Tsunami now a term tinged with fear

Editorial, Normal

A once-exotic word that has now entered everyday use as a term tinged with fear, a tsunami refers to a shock of water propagated through the sea, usually after an undersea quake.
A section of seabed is thrust up or driven down by movement of the Earth’s crust.
The rift displaces vast quantities of water that move as waves, able to span enormous distances and sometimes with the speed of a jet plane.
The 8.8-magnitude quake that slammed central Chile on Saturday killing at least 300 people sent giant waves roaring across the Pacific Ocean that forced Japan on a tsunami alert almost a day later.
The word “tsunami” comes from the Japanese words for “harbour” and “wave”.
When tsunamis approach a coastline, the shelving of the sea floor causes them to slow down – but also gain in height.
To those on the shore, the first sign of something amiss is an eerie retreat of the sea, which is followed by the arrival of exceptional waves.
“The sea was driven back, and its waters flowed away to such an extent that the deep seabed was laid bare and many kinds of sea creatures could be seen,” wrote Roman historian Ammianus Marcellus, awed at a tsunami that struck the then-thriving port of Alexandria in 365 AD.
“Huge masses of water flowed back when least expected, and now overwhelmed and killed many thousands of people …
“Some great ships were hurled by the fury of the waves onto the rooftops, and others were thrown up to two miles (3km) from the shore.”
Several factors determine the height and destructiveness of a tsunami.
They include the size of the quake, the volume of displaced water, the topography of the sea floor as the waves race to the coast and whether there are natural obstacles that dampen the shock.
Destruction of protective mangroves and coral reefs and the building of homes or hotels on exposed beaches are fingered as leading causes of high death tolls from tsunamis.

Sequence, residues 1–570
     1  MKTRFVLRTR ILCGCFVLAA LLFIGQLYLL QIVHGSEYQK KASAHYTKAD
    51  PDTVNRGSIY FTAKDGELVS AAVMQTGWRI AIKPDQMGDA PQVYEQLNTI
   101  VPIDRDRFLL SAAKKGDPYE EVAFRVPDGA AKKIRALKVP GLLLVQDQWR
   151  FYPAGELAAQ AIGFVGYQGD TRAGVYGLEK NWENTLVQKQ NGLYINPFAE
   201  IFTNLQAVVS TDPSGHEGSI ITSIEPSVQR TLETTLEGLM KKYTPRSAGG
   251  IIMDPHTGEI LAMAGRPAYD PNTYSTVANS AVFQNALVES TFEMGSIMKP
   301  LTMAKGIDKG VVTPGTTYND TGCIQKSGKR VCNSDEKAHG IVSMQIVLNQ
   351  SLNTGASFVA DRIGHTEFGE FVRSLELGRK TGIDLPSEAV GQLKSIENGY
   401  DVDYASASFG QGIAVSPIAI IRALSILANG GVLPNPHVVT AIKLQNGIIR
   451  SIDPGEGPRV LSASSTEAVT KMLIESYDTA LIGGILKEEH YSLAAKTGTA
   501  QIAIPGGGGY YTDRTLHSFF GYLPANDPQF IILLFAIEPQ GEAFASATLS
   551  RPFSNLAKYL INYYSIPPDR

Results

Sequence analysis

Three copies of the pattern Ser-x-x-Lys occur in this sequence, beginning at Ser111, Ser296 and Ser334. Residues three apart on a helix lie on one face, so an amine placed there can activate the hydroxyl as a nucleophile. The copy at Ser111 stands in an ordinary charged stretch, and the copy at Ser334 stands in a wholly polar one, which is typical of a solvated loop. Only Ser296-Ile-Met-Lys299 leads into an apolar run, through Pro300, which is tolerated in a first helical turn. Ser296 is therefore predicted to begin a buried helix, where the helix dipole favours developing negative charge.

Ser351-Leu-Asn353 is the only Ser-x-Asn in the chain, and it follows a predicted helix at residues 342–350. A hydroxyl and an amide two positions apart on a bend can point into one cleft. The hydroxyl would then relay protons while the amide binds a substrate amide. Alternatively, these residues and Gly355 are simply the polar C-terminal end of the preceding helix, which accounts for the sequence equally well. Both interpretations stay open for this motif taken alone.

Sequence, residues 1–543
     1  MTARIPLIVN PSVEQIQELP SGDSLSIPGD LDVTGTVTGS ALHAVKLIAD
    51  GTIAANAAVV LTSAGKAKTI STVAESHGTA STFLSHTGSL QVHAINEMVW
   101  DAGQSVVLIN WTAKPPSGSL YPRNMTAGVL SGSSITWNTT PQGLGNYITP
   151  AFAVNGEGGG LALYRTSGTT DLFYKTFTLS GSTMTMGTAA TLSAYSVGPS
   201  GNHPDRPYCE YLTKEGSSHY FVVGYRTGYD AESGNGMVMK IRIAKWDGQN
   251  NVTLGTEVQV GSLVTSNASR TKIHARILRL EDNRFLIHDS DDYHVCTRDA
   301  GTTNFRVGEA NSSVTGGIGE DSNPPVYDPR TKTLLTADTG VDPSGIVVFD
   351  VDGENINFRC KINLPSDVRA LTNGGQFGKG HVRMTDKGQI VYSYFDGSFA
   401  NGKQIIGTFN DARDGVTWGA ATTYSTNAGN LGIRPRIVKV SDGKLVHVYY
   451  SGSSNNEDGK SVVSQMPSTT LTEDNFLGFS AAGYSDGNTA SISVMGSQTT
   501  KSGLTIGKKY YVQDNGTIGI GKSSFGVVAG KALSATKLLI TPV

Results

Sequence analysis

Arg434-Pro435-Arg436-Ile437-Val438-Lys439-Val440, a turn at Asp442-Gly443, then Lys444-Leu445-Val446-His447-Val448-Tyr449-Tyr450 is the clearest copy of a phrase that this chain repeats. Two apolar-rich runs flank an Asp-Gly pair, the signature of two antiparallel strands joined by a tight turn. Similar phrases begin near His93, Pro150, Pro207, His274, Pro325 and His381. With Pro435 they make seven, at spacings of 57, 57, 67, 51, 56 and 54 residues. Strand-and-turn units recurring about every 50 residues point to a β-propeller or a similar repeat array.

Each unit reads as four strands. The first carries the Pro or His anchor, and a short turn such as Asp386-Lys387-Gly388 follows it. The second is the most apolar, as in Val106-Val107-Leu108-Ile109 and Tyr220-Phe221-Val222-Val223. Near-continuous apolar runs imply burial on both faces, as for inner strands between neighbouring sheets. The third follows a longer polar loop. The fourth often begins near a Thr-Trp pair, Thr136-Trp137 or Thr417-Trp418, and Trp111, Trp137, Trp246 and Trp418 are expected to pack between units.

Large quakes are the main drivers of tsunamis, but the phenomenon can also be sparked by other cataclysmic events, such as volcanic eruptions and even landslides.
In 1883, a volcano shattered the Indonesian island of Krakatoa, causing a blast so loud that it could be heard 4,500km (2,800 miles) away, followed by a tsunami that killed some 30,000 people.
The great tsunami of December 2004 in the Indian Ocean was caused by a monstrous 9.1-magnitude earthquake off the Indonesian island of Sumatra.
It released the energy of 23,000 Hiroshima-type atomic bombs, according to the US Geological Survey (USGS).
Some 220,000 people in 11 nations were killed, many of them thousands of kilometres from the epicentre.
The Pacific Ocean is particularly prone to earthquakes and, therefore, to tsunamis.
But recent research has found that, over the millennia, tsunamis have occurred in many parts of the world, including the Atlantic and Mediterranean.
A global monitoring network, overseen by the UN, has been set in place to alert areas at risk. –  AFP